A New Climate Textbook Emerges from Mayflower Hill

Gail Carlson’s Human Health and the Climate Crisis aims to bring Colby-like environmental teaching into other classrooms

Assistant Professor of Environmental Studies and Director of the Buck Lab for Climate and Environment Gail Carlson
By Kardelen Koldas ’15Photography by Caitlin Penna
March 7, 2022

Gail Carlson, assistant professor of environmental studies and director of the Buck Lab for Climate and Environment, has taught climate change since her Colby career began in 2005. For the last four years, she has offered a dedicated course: Climate Change, Justice, and Health. 

“There really are very few places offering a course like this,” Carlson said. “Colby’s Environmental Studies Department has some real strengths, and one of them is an emphasis on environmental public health.”

Now, based on her 300-level course and two decades of teaching experience, Carlson has written a textbook, Human Health and the Climate Crisis, published by Jones & Bartlett Learning. Her interdisciplinary book will introduce others to the kind of teaching common in the Colby classroom. It has wide application in undergraduate and graduate programs, ranging from environmental studies to medicine, global studies, and public policy.

“There are very few textbooks out there about climate change and human health,” she said, and none is designed specifically to anchor a course. “My textbook is filling a niche that is not occupied by another book.”

It’s a crucial gap to fill. While there are many important ways to think about climate change, Carlson believes the human-health angle is particularly effective. “It’s easier to hold perhaps the urgency of climate change action at arm’s length if it seems like something distant,” she said. But framing the climate crisis as a human-health crisis “brings it home and makes it real for a lot of people.” 

The systemic problems causing climate change also lead to preventable health burdens and health inequity, and addressing one will help the other, she noted. “This idea that you can improve health status by mitigating greenhouse gasses is something we should say out loud more,” she said. “We certainly aren’t saying ‘health’ in the same sentence as ‘climate change’ enough.”

To emphasize health in climate change conversations, Carlson decided to write this textbook. She modeled it after her Colby course so that more people can teach and learn about the inherent link between climate change and health. 

The first three chapters introduce climate science, climate justice, and public health and epidemiology. Then it dives into climate-related stressors that affect human health, such as extreme weather, air pollution, and displacement. She also designed a sample syllabus to be used with the book and created slide decks, discussion questions, and a test bank. 

“I hope that this (textbook) will be an important addition to the rallying cry and will also help raise awareness about how this is profoundly a human crisis and a human health crisis.”

Gail Carlson, assistant professor of environmental studies and director of the Buck Lab for Climate and Environment

Carlson’s book benefited from her students’ work and insights, as well.

Students in her Climate Change, Justice, and Health class have researched how climate change is impacting health in populations around the world. “They came up with some really fantastic initial observations,” some of which she incorporated into the book, particularly to illustrate the climate crisis’s health impact on at-risk populations, such as indigenous people and communities of color. She also dedicated a chapter to climate justice.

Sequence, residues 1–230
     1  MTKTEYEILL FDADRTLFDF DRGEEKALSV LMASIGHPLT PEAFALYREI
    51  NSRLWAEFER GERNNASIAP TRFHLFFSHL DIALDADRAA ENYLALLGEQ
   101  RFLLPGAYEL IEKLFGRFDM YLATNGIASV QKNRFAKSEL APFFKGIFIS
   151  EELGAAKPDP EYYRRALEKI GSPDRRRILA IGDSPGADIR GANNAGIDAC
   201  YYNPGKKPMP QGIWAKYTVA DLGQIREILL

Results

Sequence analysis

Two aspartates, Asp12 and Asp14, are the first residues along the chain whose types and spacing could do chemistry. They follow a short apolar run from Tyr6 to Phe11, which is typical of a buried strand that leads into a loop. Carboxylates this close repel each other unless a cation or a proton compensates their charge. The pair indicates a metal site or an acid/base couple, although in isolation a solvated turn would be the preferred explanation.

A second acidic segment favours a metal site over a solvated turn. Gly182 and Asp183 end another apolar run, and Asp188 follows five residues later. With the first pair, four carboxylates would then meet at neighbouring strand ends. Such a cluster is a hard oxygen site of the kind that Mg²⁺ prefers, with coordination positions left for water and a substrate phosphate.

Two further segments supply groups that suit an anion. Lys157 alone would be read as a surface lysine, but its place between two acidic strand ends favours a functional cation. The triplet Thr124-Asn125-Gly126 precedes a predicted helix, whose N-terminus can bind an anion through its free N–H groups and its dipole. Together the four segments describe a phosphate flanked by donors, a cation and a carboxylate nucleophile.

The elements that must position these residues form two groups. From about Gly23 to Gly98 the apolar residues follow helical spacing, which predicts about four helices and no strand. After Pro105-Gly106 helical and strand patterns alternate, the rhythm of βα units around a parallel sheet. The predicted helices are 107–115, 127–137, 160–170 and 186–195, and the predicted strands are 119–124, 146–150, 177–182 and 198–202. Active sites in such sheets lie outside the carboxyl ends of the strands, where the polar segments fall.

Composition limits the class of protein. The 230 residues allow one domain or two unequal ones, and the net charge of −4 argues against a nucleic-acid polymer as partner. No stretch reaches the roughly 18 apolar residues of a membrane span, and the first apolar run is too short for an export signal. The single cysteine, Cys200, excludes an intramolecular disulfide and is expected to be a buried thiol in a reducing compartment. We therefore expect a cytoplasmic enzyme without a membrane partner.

“I just am so grateful to my students for helping me understand the breadth of this crisis and how it impacts people in different places,” she said.

Megan Andersen ’22, an environmental science major with a public health concentration, contributed to the book as a student and as a research assistant, along with Ingrid Sant ’21, who also took Carlson’s class, and Hannah Richelieu ’21, who wrote two cases included in the book. 

Andersen described the textbook as “very real world. It gives you the connection between health, justice, and climate,” she said. “Prior to doing this work, I wasn’t aware of how much climate change and health were linked, and how little climate change is recognized as a human health crisis.”

With this understanding, Andersen hopes to find opportunities at the intersection of environmental science and medicine as she considers becoming a physician. 

She carried out a literature review for a chapter on extreme heat, which prompted her to write an article for her local newspaper. In addition, she conducted an independent study that Carlson used in the book’s final chapter that explores the perspectives and responsibilities of medical professionals. 

Through a survey in partnership with the Maine Medical Association, Andersen uncovered how Maine’s health professionals observed climate change-related health issues in their patients. She found that physicians noticed numerous health problems, such as climate anxiety and a significant increase in tick-related diseases, like Lyme disease, which is sensitive to climate change.

“In Maine, everyone knows someone who has gotten Lyme disease. Everyone knows somebody who has asthma,” Carlson said. “This is happening now. This isn’t some future thing.” She added that groups like the American Medical Association have called for teaching climate change in the medical curriculum.  

“I hope that this (textbook) will be an important addition to the rallying cry and will also help raise awareness about how this is profoundly a human crisis and a human health crisis,” she said. 

“We just have no time to lose.”